Where Omar Minaya Hides the Wins

During my bitchfest earlier in the week, I compared the corner outfielders from the best teams in the National League to the hypothetical tandem of Jose Guillen and Jeff Francoeur. While that pairing is highly unlikely, a similarly lackluster combination isn’t out of the question for the 2010 Mets. A look at the corner outfield production (Table 1) over the last five seasons highlights a key failure of Omar Minaya’s tenure.


Table 1

Year

Pos

sOPS+

UZR

2005

LF

106

-2.4

RF

108

-13.1

2006

LF

81

1.8

RF

99

-7

2007

LF

104

0.1

RF

81

-10.4

2008

LF

87

13.6

RF

94

10.6

2009

LF

99

-6.3

RF

92

-6.4

sOPS+ is the adjusted OPS of Mets players relative to left and right fielders throughout baseball (sOPS+ > 100 is above average; sOPS+ < 100 is below average).  UZR represents the cumulative Ultimate Zone Rating of all players manning each COF position.

Table 2

Year

Player

PA

HR

AVG

OBP

SLG

OPS+

2005

Cliff Floyd

626

34

.273

.358

.505

126

2005

Mike Cameron

343

12

.273

.342

.477

114

2005

Victor Diaz

313

12

.257

.329

.468

108

2006

Cliff Floyd

376

11

.244

.324

.407

88

2006

Endy Chavez

390

4

.306

.348

.431

101

2007

Moises Alou

360

13

.341

.392

.524

137

2007

Shawn Green

490

10

.291

.352

.431

103

2008

Ryan Church

359

14

.276

.346

.439

106

2008

Fernando Tatis

306

11

.297

.369

.484

123

2009

Jeff Francoeur

308

10

.311

.338

.498

120

It’s as simple as this: most teams have corner outfielders that hit. The Mets, under Omar Minaya, haven’t had left and right fielders that could hit or field well relative to their positions. Only once — and just barely — were they able to get above average output from both production components (2007 in left field). Rarely has one quality been sufficient enough to satisfy a deficiency in the other. For example, the defense in 2008 was truly an asset, but the hitting, especially in left field, wasn’t enough to make the end product a good one.

The Mets had a number of players man left and right field on a semi-regular basis, thus Table 2 is limited to players accruing 300+ plate appearances in a season. When you consider that a 145 game starter collects approximately 600 plate appearances in a season, the lack of playing time accrued by the Mets corner outfielders is startling. Only two corner outfielders in five seasons reached the 400 plate appearance plateau.

The most obvious reason for the dearth of playing time and lack of production among regulars is injury. Mike Cameron (off-season surgery, sick collision), Cliff Floyd (achillies and various ailments), Moises Alou (age, fragility) and Ryan Church (concussions) all missed significant playing time recovering from their respective ailments.  The second and most instructive explanation for this pattern is poor planning and rationale.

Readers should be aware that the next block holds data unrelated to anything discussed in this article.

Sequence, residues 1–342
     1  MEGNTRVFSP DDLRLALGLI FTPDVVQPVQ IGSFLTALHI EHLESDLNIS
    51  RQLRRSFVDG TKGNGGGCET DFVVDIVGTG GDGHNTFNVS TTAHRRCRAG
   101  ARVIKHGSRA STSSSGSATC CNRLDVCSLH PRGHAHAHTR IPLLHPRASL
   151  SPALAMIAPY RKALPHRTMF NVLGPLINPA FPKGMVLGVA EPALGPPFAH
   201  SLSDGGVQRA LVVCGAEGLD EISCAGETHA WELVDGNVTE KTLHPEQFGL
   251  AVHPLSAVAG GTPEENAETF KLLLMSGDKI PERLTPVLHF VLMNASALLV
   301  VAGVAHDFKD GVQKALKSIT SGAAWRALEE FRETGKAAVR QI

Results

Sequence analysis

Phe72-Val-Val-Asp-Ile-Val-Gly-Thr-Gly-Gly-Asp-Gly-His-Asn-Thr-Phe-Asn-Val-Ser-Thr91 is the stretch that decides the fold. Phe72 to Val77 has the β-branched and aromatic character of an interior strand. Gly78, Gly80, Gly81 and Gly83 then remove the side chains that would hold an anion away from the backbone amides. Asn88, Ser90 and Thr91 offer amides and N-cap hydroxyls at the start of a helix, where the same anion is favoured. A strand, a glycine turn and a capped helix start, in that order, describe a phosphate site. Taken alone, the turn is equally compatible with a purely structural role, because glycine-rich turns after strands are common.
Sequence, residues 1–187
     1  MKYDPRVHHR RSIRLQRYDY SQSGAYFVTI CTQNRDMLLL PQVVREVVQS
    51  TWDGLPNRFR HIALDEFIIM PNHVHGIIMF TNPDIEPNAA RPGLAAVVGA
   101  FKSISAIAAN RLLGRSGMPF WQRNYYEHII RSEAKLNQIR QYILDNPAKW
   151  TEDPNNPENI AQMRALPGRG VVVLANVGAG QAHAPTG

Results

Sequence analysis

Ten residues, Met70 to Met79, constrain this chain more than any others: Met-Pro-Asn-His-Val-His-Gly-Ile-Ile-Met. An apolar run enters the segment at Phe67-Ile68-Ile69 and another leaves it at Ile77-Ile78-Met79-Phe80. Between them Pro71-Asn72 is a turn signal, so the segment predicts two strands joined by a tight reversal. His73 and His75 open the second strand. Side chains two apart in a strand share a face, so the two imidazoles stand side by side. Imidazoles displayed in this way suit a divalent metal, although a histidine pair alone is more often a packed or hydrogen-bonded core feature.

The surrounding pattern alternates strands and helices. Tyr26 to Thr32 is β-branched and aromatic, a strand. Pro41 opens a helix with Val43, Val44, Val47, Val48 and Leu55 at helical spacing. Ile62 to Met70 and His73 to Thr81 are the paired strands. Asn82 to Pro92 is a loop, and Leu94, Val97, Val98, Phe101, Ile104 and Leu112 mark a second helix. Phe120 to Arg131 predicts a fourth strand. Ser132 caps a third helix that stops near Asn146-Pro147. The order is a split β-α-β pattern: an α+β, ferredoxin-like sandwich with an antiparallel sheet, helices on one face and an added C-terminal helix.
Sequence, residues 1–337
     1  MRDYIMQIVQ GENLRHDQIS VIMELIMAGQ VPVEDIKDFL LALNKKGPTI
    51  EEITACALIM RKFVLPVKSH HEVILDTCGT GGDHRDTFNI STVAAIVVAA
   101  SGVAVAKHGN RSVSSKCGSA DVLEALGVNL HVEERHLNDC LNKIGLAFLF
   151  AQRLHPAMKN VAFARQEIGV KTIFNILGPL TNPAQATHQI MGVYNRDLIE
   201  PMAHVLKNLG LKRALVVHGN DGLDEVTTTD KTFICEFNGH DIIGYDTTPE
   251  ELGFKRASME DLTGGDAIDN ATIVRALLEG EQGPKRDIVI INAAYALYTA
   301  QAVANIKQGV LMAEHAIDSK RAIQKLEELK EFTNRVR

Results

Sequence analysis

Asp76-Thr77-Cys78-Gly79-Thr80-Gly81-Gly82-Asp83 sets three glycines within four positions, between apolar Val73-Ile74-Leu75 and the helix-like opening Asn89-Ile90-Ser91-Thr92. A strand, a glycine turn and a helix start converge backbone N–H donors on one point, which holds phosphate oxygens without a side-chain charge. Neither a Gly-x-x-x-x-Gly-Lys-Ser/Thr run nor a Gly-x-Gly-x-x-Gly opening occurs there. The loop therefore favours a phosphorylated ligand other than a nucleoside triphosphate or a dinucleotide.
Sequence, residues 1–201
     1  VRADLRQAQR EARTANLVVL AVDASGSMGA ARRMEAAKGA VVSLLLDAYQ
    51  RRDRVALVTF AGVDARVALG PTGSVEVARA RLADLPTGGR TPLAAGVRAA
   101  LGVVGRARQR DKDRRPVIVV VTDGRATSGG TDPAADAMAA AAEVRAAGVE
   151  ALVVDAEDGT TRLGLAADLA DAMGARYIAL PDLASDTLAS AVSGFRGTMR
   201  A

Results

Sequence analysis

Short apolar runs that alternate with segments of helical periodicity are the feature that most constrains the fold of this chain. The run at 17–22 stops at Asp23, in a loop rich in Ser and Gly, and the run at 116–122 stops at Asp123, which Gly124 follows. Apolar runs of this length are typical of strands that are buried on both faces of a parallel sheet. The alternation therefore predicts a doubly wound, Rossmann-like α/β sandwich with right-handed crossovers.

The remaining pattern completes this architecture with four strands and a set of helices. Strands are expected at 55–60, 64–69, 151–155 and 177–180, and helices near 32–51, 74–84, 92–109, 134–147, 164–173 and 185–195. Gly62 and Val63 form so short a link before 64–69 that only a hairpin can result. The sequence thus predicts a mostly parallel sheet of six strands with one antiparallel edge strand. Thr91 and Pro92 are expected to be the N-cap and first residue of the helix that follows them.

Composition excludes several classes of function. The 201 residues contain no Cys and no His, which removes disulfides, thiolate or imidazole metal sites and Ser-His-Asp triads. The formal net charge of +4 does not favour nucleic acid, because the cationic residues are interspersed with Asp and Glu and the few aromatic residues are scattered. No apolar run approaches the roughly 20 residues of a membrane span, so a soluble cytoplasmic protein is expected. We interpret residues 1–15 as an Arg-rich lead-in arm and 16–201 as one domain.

2005: Omar inherited Cliff Floyd and Mike Cameron, two established outfielders with multi-year contracts. Undeterred by prior commitments, Minaya signed Carlos Beltran, forcing Cameron to RF, but yielding a good outfield in the process. Kudos to Omar, even though it didn’t work out as planned.
2006: Under budget constraints, Minaya gave Cameron away for thoroughly mediocre replacement Xavier Nady. He trusted that Floyd would return to his 2005 form, despite playing through nagging injuries throughout the previous season.
2007: He expected two players well past their prime — Moises Alou and Shawn Green — to adequately hold the fort in the outfield corners. Alou was fantastic in limited duty; Green was completely atrocious.
2008: Inexplicably, the team retained Alou for left field and by their own admission, didn’t expect him to play more than 100 games. Angel Pagan, a player at the time time without an established level of production, was counted on to fill in for Alou. Ryan Church was expected to start in right field, despite only one full season in the majors and a platoon problem with no suitable right-handed compliment on the roster. (Tatis wouldn’t come along until May.)
2009: The Mets penciled in Daniel Murphy and Ryan Church as their starting corner outfielders, a duo that combined for less than 500 PA’s in 2008.

So why is Omar Minaya’s planning so flawed?  If past interviews with Mike Francesa are any indicator, at least part of the reason is the presence of Carlos Beltran. On more than one occasion, Omar Minaya explained that the team could handle less “power production” from left and right field because Beltran was such an outstanding hitter. Such a belief is fine, so long as your corner outfielders are producing suitably in other quantifiable ways, otherwise you’re squandering the advantage of having a great hitter at a premium position.  Unfortunately, Omar’s train of thought here lends us a closer look at his myopia in action. It’s as if there are finite levels of production in his mind that are not to be exceeded: “Power at 100%, must add grission, must add veteran.”  I mean, how else can one rationalize all of those games started by Shawn Green in the 2007 season?

One Response to “Where Omar Minaya Hides the Wins”

  1. tjv101 says:

    Gosh, your right the Mets production for their corner outfielders has been awful over the last few years. Let’s hope the Mets can fix this problem this off-season. Beltran’s great (when he’s on the field) but shouldn’t be the crutch for production. You need more than that. Nearly every good playoff team has had solid outfield production from the corners. (Yanks-Swisher and Damon; Phils- Ibanez and Werth; Red Sox-Bay and Drew, etc.) The likes of Pagan and Francoeur just aren’t gonna cut it which is exactly why the Mets need to sign Matt Holliday or trade for Carl Crawford.

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